No, you shouldn't use your own password-hashing for MySQL authentication.
MySQL uses its own password-hashing function (
PASSWORD()), which produces a 41-byte hex string (based on applying SHA1 to the input twice). Unfortunately, a salt is not used.
If you were able to use
GRANT in the manner you show in your question, then MySQL would apply its
PASSWORD() function to the string output of the
hash() function. Subsequently, when you want to log in, you would have to enter the 256-bit hash of your password, for it to match what is in the MySQL authentication database.
Also, MySQL supports the
SHA2() family of hash functions as of MySQL 6.0.5.
hash() function is something you're probably remembering from PHP. It is not part of MySQL.
update: I attended the MySQL Conference this week and found out that they are totally changing their roadmap for future product version numbers. The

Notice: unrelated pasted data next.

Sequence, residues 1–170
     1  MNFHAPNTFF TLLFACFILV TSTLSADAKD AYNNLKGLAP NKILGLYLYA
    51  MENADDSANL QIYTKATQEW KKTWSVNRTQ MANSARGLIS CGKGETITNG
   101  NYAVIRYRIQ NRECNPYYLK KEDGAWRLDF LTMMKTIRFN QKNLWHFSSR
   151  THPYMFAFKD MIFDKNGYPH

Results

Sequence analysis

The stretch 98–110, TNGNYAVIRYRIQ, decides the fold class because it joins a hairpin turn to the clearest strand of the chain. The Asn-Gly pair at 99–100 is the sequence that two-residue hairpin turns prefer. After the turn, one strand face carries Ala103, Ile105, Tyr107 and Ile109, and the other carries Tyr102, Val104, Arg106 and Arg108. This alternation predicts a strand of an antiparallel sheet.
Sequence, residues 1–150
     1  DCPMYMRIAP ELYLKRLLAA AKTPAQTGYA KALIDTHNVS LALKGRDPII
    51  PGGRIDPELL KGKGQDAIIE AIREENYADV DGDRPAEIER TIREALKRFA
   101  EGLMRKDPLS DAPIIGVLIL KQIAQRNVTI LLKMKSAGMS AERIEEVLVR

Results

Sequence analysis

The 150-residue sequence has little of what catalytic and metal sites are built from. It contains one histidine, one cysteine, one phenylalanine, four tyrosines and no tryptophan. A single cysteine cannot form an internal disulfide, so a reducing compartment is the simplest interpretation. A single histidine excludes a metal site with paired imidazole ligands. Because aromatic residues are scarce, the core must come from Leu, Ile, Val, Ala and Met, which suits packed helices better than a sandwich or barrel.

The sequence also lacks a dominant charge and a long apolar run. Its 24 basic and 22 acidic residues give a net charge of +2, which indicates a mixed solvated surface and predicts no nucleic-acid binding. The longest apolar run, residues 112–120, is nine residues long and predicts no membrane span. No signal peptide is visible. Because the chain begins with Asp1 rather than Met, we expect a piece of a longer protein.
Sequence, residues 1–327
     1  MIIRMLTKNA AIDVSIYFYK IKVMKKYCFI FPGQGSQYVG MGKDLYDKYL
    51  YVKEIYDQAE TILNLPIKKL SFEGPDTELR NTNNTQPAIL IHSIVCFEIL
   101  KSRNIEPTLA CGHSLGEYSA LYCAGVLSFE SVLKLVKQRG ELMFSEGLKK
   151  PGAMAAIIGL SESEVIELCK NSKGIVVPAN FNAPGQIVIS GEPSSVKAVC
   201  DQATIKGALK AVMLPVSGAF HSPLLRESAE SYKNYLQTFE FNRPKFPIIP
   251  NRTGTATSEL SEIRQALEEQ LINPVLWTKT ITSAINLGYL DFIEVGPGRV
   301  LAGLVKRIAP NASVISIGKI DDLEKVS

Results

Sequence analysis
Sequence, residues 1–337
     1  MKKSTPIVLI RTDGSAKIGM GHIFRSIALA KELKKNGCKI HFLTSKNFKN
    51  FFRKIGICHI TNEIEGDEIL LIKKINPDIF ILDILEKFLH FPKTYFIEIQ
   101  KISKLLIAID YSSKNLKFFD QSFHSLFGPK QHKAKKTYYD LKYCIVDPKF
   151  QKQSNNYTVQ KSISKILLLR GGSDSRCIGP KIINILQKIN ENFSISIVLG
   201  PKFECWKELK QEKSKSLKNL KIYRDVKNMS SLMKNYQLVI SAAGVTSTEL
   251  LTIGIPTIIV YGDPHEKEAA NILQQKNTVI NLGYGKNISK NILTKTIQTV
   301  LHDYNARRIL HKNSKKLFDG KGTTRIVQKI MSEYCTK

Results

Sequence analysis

SHA2() function is currently part of the MySQL source, but it's undetermined what product version that corresponds to. Also, you need MySQL built with OpenSSL/YaSSL support, for
SHA2() to work.
Re your comment: Typically MySQL authentication is totally separate from user account authentication in a given web app (this is best practice for several reasons).
Yes, you need to hardcode the username/password for MySQL authentication for your web app. Could be in, but even better would be a config file. Of course, put these outside the web root.
When a user needs to log in, compute the
hash() of their input password, combined with the salt value on record for their account. Then compare this to the hash stored in the database for that user. In pseudocode:
$salt = $db->query("SELECT salt FROM Accounts WHERE account_name = ?",
$password_hash = hash('sha256', $salt + $input_password)
$is_password_correct = $db->query("SELECT password_hash = ?
FROM Accounts WHERE account_name = ?",